6 Best Japanese Kitchen Knives

Santoku knife
This article has links to products and services we recommend, which we may make commission from.

We love working with Japanese knives in our kitchen. They provide some of the best quality and value of any knife of the market, and they come with a tradition of craftsmanship that is second to none.

If you haven’t tried working with them yet, we want to introduce you to the best Japanese kitchen knives that you should absolutely be using at home. We’ve previously written about the best Japanese chefs knives, so be sure to check out that article to learn specifically about chef’s knives.

In this article, we’re going to introduce you to many more types of knives that are made in Japan, beyond the typical chef’s knife. There is an abundance of great knives that will make your job in the kitchen much easier, but you need to learn which ones to use and when.

One thing you should know is that the Japanese take great pride in the workmanship and quality of the products they manufacture. That is why Japanese knives are considered some of the best in the world. Of course, that level of quality often comes with a high price tag, but you can always be sure you’re getting the very best quality for the money.

Another thing to know about Japanese knives is that they are made with a very a high carbon VG-10 steel that is very hard. The blade is asymmetrical, meaning that the two sides of the blade are not the same, as they are in Western knives. Only one side is sharp. Usually they have a 12-15 degree angle.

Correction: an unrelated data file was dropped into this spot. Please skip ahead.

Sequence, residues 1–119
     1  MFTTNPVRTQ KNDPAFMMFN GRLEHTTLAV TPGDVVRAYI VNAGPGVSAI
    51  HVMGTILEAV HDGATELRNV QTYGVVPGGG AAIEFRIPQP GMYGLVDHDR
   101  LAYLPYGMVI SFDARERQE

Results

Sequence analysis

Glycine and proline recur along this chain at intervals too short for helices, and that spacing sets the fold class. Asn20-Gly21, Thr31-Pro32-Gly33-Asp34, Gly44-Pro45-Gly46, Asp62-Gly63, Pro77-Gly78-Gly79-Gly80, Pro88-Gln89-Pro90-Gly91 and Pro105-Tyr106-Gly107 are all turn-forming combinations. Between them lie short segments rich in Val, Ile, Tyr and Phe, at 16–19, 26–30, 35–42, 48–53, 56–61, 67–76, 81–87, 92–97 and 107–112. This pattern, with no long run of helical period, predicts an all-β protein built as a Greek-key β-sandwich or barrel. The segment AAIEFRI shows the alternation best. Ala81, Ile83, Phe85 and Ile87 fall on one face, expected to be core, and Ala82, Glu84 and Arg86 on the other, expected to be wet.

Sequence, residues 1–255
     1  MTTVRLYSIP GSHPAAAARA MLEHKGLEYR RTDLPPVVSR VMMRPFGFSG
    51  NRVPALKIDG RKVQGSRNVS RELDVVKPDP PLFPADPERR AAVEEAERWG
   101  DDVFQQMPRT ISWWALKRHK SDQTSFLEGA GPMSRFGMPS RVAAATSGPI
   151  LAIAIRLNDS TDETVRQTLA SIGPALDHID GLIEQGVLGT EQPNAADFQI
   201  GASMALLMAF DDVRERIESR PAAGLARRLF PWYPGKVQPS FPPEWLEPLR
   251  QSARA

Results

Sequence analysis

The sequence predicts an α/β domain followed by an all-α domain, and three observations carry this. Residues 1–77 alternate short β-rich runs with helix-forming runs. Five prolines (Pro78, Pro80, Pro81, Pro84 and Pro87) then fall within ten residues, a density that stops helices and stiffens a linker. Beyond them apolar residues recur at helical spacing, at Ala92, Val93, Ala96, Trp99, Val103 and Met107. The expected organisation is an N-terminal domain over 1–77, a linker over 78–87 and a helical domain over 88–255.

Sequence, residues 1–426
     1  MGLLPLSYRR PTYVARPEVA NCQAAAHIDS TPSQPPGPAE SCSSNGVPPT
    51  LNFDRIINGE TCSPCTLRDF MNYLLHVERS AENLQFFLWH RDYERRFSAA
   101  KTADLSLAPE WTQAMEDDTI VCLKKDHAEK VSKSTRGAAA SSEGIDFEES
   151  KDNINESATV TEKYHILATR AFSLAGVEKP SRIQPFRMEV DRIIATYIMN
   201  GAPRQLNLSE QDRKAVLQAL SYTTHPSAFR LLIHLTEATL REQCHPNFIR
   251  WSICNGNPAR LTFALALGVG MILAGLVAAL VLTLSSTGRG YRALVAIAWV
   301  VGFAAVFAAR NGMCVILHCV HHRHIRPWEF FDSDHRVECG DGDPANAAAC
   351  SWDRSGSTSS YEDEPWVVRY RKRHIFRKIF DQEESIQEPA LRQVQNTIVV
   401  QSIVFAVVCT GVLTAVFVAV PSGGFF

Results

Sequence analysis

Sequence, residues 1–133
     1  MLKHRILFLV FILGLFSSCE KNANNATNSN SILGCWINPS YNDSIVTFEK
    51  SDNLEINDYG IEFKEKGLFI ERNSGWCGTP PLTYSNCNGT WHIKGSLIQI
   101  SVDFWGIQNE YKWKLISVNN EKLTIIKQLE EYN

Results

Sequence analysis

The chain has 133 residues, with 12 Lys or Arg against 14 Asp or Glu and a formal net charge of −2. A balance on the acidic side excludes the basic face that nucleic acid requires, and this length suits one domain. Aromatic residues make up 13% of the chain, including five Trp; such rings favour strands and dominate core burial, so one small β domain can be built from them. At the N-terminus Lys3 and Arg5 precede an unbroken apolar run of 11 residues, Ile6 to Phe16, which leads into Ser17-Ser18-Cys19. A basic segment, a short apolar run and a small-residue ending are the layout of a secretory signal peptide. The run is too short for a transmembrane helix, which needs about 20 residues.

You have to be especially careful with Japanese knives for these reasons. If you were to drop one, it could break because of the hardness. Additionally, it’s more difficult to sharpen the knife to the appropriate degree at home.

We are going to show you give different styles of Japanese kitchen knives. We’ll give you our top recommended knife, as well a few alternatives so you can choose the one that’s right for you.

Gyuto (Chef’s knife)

The most important Japanese knife to have in your kitchen is the gyuto, or chef’s knife. The Shun 8-inch classic chef’s knife is an all-purpose knife and it can be used for a wide range of cutting tasks.

Due to the quality craftsmanship and extremely sharp edge, this knife is likely to exceed the cutting ability of any other chef’s knife you’ve used.